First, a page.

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EMDR stands for Eye Movement Desensitization and Reprocessing. That’s a mouthful, huh? Well, it’s not as complicated as it sounds. I promise.
What Is EMDR?
Although EMDR involves many things, the goal is to deal with emotional trauma and other distressing life experiences. Trauma and other negative past experiences can lead to a host of negative emotions and behaviors. In most forms of psychotherapy, there is a lot of talking. However, with EMDR, talking is more limited.
Many clients have found that they prefer EMDR because they don’t have to verbalize their thoughts or emotions. Furthermore, EMDR uses different techniques, so it is not focused on reliving the trauma. In fact, you and your therapist will design tools to use when things get intense in order to help you feel emotionally safe. And, please know that you can always stop whenever you want.
EMDR and The Brain
Something that makes EMDR unique is its use of bilateral stimulation. This technique involves alternating eye movements, sounds, or taps. These movements will be guided by your therapist. Bilateral stimulation is designed to aid the brain in resolving unprocessed traumatic memories. It helps connect parts of the brain that have been disconnected due to trauma. In turn, forming connections and clearing up any disconnections hindering the brain from its natural healing process. EMDR is an effective way to help your brain appropriately digest and store past experiences.
Our brains are very effective at managing stressful events. However, there are times when experiences are managed without actually being processed. This can be problematic as the stress from the experience remains in the body. When emotions are stored in the body due to being unprocessed, they can cause overwhelming feelings. And, these feelings can come up at an unexpected time.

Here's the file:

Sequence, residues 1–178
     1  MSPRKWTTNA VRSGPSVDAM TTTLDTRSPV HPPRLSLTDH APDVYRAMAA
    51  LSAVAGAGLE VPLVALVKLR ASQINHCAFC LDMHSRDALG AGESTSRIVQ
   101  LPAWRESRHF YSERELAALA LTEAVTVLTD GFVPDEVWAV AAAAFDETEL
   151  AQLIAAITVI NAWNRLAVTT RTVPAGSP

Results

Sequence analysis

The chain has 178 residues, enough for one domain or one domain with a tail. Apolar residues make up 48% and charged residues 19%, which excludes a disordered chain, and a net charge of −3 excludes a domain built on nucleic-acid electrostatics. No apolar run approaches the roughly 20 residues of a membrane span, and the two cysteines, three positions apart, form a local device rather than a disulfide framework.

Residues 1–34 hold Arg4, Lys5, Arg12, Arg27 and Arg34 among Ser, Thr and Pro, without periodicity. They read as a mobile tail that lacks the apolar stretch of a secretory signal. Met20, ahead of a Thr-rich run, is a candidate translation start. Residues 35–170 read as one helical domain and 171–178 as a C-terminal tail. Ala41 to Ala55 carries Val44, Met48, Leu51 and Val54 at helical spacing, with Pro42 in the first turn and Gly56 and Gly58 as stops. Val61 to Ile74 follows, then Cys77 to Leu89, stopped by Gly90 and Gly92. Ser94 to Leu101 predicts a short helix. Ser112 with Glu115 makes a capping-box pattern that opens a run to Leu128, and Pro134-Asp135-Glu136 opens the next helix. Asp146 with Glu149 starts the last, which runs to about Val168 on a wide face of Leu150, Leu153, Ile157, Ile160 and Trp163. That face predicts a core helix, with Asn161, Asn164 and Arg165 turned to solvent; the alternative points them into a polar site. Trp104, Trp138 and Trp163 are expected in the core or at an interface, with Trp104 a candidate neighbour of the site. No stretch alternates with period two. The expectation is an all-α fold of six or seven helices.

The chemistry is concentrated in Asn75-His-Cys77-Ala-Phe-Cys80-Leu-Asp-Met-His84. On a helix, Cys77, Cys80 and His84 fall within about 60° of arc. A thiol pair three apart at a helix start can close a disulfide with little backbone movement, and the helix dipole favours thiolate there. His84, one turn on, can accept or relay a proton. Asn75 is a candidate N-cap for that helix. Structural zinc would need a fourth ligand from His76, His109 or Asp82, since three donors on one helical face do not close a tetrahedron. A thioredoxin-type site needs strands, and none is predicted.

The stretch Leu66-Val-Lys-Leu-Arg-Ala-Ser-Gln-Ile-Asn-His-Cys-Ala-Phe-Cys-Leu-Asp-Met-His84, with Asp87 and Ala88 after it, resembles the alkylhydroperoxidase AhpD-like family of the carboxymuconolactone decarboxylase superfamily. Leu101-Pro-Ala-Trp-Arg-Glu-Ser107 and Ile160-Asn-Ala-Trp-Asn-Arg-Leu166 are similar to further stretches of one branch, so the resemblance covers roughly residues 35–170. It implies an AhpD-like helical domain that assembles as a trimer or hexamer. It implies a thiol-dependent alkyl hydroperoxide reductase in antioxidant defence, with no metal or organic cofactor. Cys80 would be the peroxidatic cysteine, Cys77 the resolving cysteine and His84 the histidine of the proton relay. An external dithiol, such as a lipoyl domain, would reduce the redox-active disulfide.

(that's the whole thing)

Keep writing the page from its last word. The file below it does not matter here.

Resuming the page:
EMDR helps your brain process these memories and feelings, absolving you of any stress-inducing feelings. The goal of EMDR therapy is to guide you toward creating healthier emotions, understandings, and perspectives attached to a traumatic experience. Consequently, you will be able to create healthy habits and behaviors instead of the unhealthy ones used to cope with the past.
Phases of EMDR Therapy
So what happens in EMDR? You can expect your EMDR therapy sessions to follow a relatively predictable path. Therapists who provide EMDR must be trained and certified to provide this therapy. This means that the process is not only standard but proven to work.
1. Introduction/Treatment Planning
Your therapist will begin by talking with you about your history and starting to identify the specific issues causing you distress. You will discuss your traumas and triggers that bring you to counseling. Then, you will determine which skills or behaviors you will need to learn for future well-being.
The main goal of this phase is to build trust between you and your therapist. And to develop the tools you will need during EMDR therapy to cope when triggers arise. These tools will help you if and when you feel overwhelmed in an EMDR therapy session.
In this phase, you will be asked to access each target memory so it can be effectively processed. A target memory is one that has been identified as traumatic or triggering for you. Furthermore, “processing” does not mean talking about it. Rather, it is about experiencing the past while in the present. You will be asked to:
- Bring up an image of the worst part of the memory
- Identify the negative belief associated with that memory
- Discuss the level of current distress
An important part of this stage is that you will identify and then replace negative beliefs associated with a memory. Not only will you gain understanding about that belief, but you will replace it with a healthier, more positive one.
For example, you may have the thought “I’m unworthy” due to something from your past. So, you will learn to replace it with “I’m a good person who is worthy of good things.” Logically, you may understand that your initial thought is untrue. However, without intentionally replacing the memory, your true feelings about yourself may not change.